Northumbrian Water has begun installing rainwater harvesting tanks around some of its larger offices, to collect and store rainfall from the roof of the buildings.
Capable of holding up to 2,300 litres each (or around 28 bath tubs full), the tanks are used by the company′s jetting fleet, who fill up their specialised vehicles with the rainwater, instead of using clean, drinking water to flush out the sewers.
In 2018, around 12,000 blockages had to be cleared across the North East, made up of things wrongly put down the drains, including wet wipes, fats, oils and greases.
Often these blockages can be cleared by shooting a jet of high-pressured water through the sewer network to break up the clog, which also cleans out the inside of the pipe to prevent further build-up and damage.
However, using drinking water isn′t the most sustainable method and while climate change threatens to limit water resources, it can also bring about more frequent flooding.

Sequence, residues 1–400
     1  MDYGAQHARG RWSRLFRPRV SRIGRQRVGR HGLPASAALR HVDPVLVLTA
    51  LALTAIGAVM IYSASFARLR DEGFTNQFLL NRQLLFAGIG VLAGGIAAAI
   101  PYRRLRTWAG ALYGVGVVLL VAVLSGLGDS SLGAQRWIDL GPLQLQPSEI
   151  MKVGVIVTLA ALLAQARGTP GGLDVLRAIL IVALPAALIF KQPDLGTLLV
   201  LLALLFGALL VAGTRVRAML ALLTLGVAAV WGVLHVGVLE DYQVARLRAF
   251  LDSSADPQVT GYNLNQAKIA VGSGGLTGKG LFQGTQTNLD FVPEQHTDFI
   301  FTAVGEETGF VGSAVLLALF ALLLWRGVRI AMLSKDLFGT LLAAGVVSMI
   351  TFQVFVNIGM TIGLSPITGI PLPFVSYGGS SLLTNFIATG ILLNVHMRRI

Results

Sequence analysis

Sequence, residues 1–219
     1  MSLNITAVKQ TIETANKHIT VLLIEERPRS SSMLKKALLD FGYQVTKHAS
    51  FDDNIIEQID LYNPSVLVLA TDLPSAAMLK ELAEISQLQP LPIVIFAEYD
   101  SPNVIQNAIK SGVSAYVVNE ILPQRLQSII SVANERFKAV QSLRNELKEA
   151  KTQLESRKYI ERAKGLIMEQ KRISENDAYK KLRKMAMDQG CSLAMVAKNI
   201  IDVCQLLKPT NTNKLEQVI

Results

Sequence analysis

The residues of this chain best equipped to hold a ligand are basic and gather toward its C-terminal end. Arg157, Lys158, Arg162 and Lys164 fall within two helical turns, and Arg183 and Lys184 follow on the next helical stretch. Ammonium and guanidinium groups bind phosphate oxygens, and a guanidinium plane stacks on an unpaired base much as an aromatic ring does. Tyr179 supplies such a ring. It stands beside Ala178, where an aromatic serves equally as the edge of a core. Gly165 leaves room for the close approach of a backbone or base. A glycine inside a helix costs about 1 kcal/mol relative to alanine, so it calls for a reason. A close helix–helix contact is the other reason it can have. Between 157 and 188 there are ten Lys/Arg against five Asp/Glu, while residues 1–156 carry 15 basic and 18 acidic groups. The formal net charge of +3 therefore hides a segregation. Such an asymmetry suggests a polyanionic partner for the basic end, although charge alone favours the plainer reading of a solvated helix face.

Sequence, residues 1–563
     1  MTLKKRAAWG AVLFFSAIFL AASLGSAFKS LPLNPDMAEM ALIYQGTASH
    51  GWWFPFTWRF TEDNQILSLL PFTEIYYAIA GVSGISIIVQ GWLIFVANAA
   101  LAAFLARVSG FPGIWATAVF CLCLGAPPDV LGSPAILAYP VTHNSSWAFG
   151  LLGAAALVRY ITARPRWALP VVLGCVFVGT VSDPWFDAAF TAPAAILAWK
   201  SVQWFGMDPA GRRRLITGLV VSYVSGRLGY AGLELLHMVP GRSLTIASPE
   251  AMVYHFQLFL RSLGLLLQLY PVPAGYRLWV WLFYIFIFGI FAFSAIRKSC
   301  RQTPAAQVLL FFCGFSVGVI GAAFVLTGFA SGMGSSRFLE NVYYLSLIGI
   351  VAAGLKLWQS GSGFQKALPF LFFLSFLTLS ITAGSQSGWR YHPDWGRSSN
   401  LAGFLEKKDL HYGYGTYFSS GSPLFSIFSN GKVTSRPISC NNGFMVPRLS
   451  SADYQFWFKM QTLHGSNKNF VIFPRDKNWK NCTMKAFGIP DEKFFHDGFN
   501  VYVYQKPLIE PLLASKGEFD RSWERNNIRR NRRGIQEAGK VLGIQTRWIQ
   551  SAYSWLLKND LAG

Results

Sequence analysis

Part of the company′s ‘Rainwise′ initiative, the rainwater harvesting tanks can help on both fronts, collecting the rainfall ready for use when necessary, while freeing up the capacity in the network during storms.
The water company is also encouraging customers to get ‘Rainwise′ at home, by making small changes to homes and gardens that can help save water and manage rainfall locally, by adding water butts and rainwater planters.
Northumbrian Water′s Sustainable Sewerage Manager, Steena Nasapen-Watson, said, "Historically, we′ve filled up the tanks on our jet vans with clean water from water hydrants to help keep the sewers flowing freely, but this isn′t the most sustainable way to manage our network.
"Water is a precious resource and when it comes to clearing blockages in the drains, we don′t need to use high-quality drinking water. By adding these rainwater tanks, we can ensure the best use of water resources, storing storm water for when we need it."
For more information about Northumbrian Water′s Rainwise initiative, see this.